Past all-French European finals have failed to produce the finest foie gras and, until the latter stages, this one also struggled to deliver. In Toulouse, however, they will care little about the modest fare and rejoice instead in a final scoreline that makes them the most decorated champions in the tournament’s history.
For lengthy periods this was a niggly, ill-tempered slugging contest which only belatedly clicked up into a higher gear but for Toulouse all that counts is the fifth golden star they are now entitled to wear on their jerseys. For the first time since 1997, furthermore, French sides have lifted both European club rugby’s major competitions, a further sign of the renaissance in standards across the Channel.
On this occasion the game did not properly ignite until the final quarter, Toulouse having previously seized the initiative thanks to a try just before the hour by their 24-year-old Argentine outside centre Juan Cruz Mallía. Most influential of all, though, was the 28th-minute dismissal of La Rochelle’s Levani Botia, which ultimately left the challengers too much to do.
A late score for Tawera Kerr-Barlow did at least rouse his team’s fans but his half-back partner Ihaia West missed three crucial kicks to revive distant memories of the similar woes suffered in this same arena by his head coach Ronan O’Gara when Munster narrowly lost to Northampton in the 2000 final. “It was a slower game that didn’t suit us, it was a wet game that didn’t suit us,” suggested O’Gara afterwards. “But losers make excuses; we needed to be better but we weren’t good enough.”
On another day, his side might have had one last attacking launchpad with referee Luke Pearce not spotting a Toulouse player entering the game’s concluding ruck from an offside position. While O’Gara certainly saw it – “We’re disappointed with that decision but Luke had a good game” – he clearly sensed that La Rochelle could not complain too loudly.
With the brilliant Cheslin Kolbe not even touching the ball until the second half, it added up to a frequently underwhelming occasion all round. Like eating fish and chips with a plastic fork on the Champs Elysses or ordering a pint of best bitter in Bordeaux, watching two French sides plodding around beneath weeping English skies felt culturally incongruous. So much for a pulsating final: the pace was so slow it was as if someone had activated the snooze button.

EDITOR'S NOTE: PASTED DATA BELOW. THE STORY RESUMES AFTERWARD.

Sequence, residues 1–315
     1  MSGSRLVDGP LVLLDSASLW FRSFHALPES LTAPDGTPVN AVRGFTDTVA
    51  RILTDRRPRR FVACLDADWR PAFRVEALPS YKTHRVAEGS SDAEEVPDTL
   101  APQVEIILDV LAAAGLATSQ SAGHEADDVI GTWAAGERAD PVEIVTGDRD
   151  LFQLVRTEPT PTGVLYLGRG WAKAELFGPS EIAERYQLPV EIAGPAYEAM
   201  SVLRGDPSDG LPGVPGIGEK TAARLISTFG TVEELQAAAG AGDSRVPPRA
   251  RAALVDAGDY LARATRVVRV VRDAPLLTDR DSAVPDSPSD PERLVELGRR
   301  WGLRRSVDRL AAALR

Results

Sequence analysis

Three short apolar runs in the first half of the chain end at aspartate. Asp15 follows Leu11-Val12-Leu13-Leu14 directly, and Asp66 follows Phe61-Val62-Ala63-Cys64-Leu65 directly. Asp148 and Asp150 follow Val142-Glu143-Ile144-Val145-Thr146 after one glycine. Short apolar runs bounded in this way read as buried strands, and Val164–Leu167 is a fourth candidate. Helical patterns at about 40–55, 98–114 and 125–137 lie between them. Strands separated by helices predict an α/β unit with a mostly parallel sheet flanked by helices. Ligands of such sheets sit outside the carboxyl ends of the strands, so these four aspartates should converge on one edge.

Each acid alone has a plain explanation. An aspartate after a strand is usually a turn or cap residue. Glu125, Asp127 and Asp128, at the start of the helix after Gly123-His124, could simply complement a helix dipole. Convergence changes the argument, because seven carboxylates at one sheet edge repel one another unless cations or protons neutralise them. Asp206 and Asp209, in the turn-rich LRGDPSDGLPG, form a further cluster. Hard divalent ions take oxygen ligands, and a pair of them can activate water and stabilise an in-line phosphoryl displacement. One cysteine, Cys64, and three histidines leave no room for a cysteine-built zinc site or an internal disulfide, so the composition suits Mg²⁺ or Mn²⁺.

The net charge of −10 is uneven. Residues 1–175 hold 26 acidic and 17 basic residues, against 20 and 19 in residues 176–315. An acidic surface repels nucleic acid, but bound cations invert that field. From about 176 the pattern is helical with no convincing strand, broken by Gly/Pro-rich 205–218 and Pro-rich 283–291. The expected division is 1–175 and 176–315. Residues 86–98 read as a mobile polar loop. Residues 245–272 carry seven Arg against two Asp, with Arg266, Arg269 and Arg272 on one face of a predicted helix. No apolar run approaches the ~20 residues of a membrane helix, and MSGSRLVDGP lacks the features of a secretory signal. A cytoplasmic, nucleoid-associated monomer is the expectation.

Toulouse were also handicapped by the early loss of one of their towering Australian locks, Richie Arnold. With the experienced Joe Tekori replacing him it should not have been overly disruptive but, despite the disappearance of the rain, neither side could locate their rhythm.
The only scores in the first half hour were a brace of penalties apiece and O’Gara could be seen whirling his right arm in the coaching box, exhorting his troops to crank things up. Unfortunately Botia took him too literally, crunching into Maxime Medard and then blatantly taking out the lively Antoine Dupont after the European player of the season had taken a quick tap.
Botia saw yellow for the latter but the officials were not finished with him, rightly deciding the upright tackle which sent the mutton-chopped Medard reeling backwards was dangerously high. Referee Pearce duly added red to his initial yellow to bring Botia’s evening to a permanent conclusion.
For a while playing with 14 men seemed to concentrate La Rochelle minds and, improbably, they went in 12-9 ahead at the interval courtesy of West’s fourth penalty. All of Toulouse’s six previous finals had been settled by seven points or fewer and the margins were increasingly tight all round. Pita Ahki escaped a card for another slightly high hit on a stooping Gregory Alldritt and Kolbe, finally invited to collect Dupont’s cross-kick, was denied a try by a brilliant corner-flagging defensive tackle from Geoffrey Doumayrou which forced the flying Springbok to put a toe into touch.
Mallia’s nicely-taken try finally broke the stalemate but the finale was generally less compelling than anticipated. At least 10,000 spectators were present in the stadium, lending some welcome life to proceedings. Maybe, in the age of Covid, we should be grateful for small mercies and forgive the relative lack of on-field joie de vivre. Toulouse, either way, will be unburdened by such trivialities on Sunday .